Nearly all of the information regarding lipid effects on circulating phagocytes comes from experimental studies in which leukocytes were isolated from whole blood prior to lipid incubation. A leukocyte isolation procedure by density gradient centrifugation seems to be able to introduce functional changes, especially pre-activation [12, 13]. In an in vitro study whole blood incubation was used for the first time to analyse leukocytes following lipid exposure [14].

This study was designed to examine the impact of three structurally different types of lipid solutions that are applied as a part of total parental nutrition, i.e. LCT (Intralipid®), LCT/MCT (Lipofundin®) and LCT-MUFA (ClinOleic®) on the unstimulated hydrogen peroxide production of neutrophils and monocytes in whole blood.


This study was performed with the approval of the local ethic committee and the informed consent of the 12 male and 8 female healthy volunteers, aged 38.25 ± 12.27 years.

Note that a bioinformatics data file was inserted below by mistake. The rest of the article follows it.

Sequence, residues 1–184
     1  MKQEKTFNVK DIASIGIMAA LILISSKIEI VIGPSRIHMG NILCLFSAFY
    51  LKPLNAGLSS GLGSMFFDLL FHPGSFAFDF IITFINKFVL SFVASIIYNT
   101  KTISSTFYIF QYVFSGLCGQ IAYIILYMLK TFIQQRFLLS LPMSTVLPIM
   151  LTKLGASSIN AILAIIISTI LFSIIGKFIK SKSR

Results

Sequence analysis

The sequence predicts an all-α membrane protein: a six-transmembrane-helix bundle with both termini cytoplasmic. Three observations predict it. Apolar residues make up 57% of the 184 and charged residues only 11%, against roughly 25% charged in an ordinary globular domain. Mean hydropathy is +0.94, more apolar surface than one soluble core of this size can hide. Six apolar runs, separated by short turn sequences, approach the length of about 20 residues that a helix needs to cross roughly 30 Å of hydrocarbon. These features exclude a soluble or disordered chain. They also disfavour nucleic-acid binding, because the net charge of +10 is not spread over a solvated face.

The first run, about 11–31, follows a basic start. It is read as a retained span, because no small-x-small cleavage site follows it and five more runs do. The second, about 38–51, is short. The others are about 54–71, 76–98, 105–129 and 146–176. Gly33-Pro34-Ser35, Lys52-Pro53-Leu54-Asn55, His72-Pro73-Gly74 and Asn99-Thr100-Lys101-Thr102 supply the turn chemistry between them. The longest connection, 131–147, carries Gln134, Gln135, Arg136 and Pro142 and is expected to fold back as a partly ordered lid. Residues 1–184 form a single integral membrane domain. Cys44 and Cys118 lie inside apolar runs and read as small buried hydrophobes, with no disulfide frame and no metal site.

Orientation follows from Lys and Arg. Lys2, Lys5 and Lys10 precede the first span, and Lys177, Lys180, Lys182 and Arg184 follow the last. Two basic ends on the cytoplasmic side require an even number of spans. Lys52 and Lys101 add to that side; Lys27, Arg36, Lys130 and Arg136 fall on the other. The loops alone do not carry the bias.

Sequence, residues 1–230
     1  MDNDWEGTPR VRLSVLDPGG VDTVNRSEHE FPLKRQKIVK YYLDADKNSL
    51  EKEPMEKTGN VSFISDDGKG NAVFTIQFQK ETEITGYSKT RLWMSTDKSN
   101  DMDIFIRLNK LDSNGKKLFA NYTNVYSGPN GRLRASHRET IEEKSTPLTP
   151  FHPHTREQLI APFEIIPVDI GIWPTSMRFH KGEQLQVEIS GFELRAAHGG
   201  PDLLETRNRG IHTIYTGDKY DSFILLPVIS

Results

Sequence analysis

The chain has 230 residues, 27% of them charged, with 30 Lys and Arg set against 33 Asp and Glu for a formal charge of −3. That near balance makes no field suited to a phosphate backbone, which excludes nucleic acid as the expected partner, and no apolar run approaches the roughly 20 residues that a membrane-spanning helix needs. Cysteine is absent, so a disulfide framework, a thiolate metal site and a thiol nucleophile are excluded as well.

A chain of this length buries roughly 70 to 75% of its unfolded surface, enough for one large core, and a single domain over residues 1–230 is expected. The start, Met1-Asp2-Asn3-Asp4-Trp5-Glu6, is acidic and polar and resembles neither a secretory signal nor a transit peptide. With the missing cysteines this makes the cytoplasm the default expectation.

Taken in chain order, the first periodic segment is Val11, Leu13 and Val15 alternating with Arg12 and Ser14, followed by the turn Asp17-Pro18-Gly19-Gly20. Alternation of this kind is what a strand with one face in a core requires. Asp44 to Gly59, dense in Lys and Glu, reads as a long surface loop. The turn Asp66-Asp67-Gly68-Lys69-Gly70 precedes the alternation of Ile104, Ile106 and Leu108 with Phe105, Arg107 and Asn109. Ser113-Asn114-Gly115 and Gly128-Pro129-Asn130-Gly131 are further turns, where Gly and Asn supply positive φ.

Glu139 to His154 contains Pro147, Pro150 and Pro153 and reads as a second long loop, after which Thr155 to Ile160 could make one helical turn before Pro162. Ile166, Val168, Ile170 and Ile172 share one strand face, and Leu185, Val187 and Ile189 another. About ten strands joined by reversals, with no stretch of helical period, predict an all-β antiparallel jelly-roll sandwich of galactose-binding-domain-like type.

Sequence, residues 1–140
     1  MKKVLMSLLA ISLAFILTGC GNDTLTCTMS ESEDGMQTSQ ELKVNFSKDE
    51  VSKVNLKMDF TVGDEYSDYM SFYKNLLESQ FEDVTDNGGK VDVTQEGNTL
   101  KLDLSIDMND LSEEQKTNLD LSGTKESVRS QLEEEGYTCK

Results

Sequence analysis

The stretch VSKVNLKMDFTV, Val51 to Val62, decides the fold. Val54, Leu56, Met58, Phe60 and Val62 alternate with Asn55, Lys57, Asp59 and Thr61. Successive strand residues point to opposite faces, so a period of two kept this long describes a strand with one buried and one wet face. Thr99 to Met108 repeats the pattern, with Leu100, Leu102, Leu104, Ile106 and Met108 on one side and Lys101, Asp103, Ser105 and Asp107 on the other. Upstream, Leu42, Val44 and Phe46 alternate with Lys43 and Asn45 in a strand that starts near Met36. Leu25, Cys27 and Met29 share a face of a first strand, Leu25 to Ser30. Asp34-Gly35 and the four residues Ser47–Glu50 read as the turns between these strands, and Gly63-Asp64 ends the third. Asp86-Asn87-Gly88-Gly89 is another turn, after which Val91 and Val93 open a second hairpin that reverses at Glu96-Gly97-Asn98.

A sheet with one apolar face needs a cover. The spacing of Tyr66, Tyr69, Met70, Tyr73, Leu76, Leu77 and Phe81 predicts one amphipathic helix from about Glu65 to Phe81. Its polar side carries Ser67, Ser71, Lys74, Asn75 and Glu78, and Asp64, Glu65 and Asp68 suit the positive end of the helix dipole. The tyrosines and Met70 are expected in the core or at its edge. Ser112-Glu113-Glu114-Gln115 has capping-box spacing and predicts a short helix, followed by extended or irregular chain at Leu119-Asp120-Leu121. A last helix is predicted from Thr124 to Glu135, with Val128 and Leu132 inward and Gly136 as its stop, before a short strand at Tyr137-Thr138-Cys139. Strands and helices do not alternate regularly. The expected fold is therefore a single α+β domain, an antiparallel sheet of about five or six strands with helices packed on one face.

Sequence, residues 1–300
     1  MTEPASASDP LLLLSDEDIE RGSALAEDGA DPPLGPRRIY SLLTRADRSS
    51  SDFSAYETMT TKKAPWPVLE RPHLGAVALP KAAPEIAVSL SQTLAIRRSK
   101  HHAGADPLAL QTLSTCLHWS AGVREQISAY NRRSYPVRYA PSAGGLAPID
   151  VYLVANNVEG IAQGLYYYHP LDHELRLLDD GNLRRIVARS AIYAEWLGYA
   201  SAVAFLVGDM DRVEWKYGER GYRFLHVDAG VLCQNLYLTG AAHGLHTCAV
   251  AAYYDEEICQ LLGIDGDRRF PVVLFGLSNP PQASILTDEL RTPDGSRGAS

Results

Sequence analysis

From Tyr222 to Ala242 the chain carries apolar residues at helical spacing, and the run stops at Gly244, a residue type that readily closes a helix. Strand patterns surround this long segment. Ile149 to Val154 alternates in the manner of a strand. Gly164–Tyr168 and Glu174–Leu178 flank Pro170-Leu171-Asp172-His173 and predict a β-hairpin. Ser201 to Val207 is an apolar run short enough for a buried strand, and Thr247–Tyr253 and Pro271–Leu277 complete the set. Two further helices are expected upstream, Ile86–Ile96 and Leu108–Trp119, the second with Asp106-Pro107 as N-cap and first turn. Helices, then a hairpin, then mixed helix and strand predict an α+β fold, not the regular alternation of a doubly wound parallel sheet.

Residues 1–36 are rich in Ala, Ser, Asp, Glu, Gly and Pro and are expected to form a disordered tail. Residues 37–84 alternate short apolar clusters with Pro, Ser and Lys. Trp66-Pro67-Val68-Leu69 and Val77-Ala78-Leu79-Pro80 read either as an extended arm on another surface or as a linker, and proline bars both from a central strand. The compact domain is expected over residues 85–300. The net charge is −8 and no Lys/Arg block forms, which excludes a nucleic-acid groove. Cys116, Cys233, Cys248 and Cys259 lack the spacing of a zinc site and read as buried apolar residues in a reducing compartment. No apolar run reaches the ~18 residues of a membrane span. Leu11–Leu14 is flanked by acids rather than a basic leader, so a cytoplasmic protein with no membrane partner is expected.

Venous blood samples (5 ml) were collected into disposable tubes coated with lithium heparin (15 IU ml-1, S-Monovette LH, Sarstedt, Nümbrecht, Germany). The volunteers were non-smokers and not vegetarian. They did not take any medication or dietary supplements and fasted the night before sample collection. All samples were taken, processed and measured in duplicate by the same investigator.

The effects of the tested lipid emulsions on the respiratory burst were measured by the intracellular oxidation of dihydrorhodamine (DHR) to the fluorescent dye rhodamine 123 in a flow cytometer [15, 16]. The assay depends upon the incorporation of DHR into the cell. After cell activation the nicotinamide adenine dinucleotide phosphate (NADPH) oxidase catalyses the reduction of O2 to superoxide anion O2- which is further transformed by dismutation to hydrogen peroxide H2O2. The non-fluorescent DHR is oxidized intracellularly in a peroxidase-dependent reaction to green fluorescent rhodamine. The amount of rhodamine is proportional to generated hydrogen peroxide.